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Injured cyclists seek other victims of dangerous pothole

Riders are calling for others to come forward if they were hurt too

Four cyclists who suffered serious injuries after riding over the same pothole are seeking other victims as they take action against the local council.

All four men were riding on the Gnosall to Norbury Junction Road, near Stafford when they hit the damaged tarmac, which has now been repaired.

They are calling for other cyclists to get in touch if they have suffered similarly.

The four separate incidents were all very serious and resulted in trips to A&E.

Paul Rowlands was off work for three months after his crash in November, when he fractured his front and rear ribs, suffered a fractured collarbone, as well as concussion.

He said he would be attempting to recover the costs of his £2,000 bike from Staffordshire County Council.

He told the Express and Star: “After hitting it I just lay there face down in the water. They were scared to move me cause they didn’t know if I had spinal damage.

“Without being mercenary I was so debilitated that I spent the first week propped up with cushions. I couldn’t do anything.

“I want some compensation. I want to be able to get my bike back. The ultimate goal is for Staffordshire County Council to fix the roads in the county.”

Glenn MacDonald-Jones, Antony Grigg and Greg Dancer were all taken to A&E at Stafford’s County Hospital. Mr Rowlands, who was off work for three months, fractured his front and rear ribs, suffered a fractured collarbone, as well as concussion.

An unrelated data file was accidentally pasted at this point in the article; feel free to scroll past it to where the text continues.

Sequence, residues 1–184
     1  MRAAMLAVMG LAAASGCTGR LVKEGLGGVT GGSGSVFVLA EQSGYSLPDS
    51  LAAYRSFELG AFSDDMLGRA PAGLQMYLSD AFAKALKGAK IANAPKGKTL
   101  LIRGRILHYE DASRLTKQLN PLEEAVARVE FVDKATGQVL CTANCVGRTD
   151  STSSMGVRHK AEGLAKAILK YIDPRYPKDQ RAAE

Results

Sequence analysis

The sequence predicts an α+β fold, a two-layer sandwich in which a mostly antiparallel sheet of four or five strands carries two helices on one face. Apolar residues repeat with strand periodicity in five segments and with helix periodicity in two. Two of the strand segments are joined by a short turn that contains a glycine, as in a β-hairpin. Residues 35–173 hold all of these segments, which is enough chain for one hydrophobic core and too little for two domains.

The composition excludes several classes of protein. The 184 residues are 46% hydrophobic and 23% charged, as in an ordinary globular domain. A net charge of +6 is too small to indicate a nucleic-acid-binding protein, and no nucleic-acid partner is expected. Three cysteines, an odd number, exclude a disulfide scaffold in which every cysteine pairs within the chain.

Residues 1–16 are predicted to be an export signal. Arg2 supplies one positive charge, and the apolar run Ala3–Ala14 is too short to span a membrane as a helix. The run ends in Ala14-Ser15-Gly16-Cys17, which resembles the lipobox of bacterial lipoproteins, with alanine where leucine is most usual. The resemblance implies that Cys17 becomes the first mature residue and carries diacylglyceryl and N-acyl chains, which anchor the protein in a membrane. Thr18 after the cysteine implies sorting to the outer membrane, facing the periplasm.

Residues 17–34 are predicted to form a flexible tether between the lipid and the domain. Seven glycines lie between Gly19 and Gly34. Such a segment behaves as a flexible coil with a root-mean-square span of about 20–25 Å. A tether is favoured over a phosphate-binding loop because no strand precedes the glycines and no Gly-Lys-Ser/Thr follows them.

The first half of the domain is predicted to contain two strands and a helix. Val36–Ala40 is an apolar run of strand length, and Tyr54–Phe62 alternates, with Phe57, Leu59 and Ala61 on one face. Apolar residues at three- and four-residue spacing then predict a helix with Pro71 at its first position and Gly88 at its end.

The 53-year-old, from Whitgreave, ended up face down in the water following the incident on November 27 – wrecking his £2,000-plus bike in the process.

But Mr Rowlands plans to take action against the authority. He said: “After hitting it I just lay there face down in the water. They were scared to move me cause they didn’t know if I had spinal damage.

“Without being mercenary I was so debilitated that I spent the first week propped up with cushions. I couldn’t do anything.

“I want some compensation. I want to be able to get my bike back. The ultimate goal is for Staffordshire County Council to fix the roads in the county.”

Also in November, Greg Dancer, 63, of Stone, suffered from severe facial injuries, cuts and bruising to his hands, soft tissue injuries to his back and rib cage.

The cyclist, who is chairman of the Stone Wheelers cycling club said: “I’ve been cycling for over 40 years on race bikes.

“It happened as I approached a section of the road where water had pooled, leaving what appeared to be a clear run.

“I passed through that, my front wheel went in and the bike high-sided. I was thrown to the ground, it tore my top lip off and knocked my front teeth out. I injured my shoulder badly and was taken to Stafford hospital before being transferred to Stoke.

“I’ve had new teeth put in and my stitches have come out. Its almost six months since it happened so its been quite a while.

“We want the council to consider cyclists and for them to ensure that roads are safe for all road users.”

Among the other cyclists affected, Mr Dancer, 63, of Stone, suffered from severe facial injuries, cuts and bruising to his hands, soft tissue injuries to his back and rib cage on November 15. The chairman of the Stone Wheelers cycling club said: “I’ve been cycling for over 40 years on race bikes. He said: “It happened as I approached a section of the road where water had pooled, leaving what appeared to be a clear run.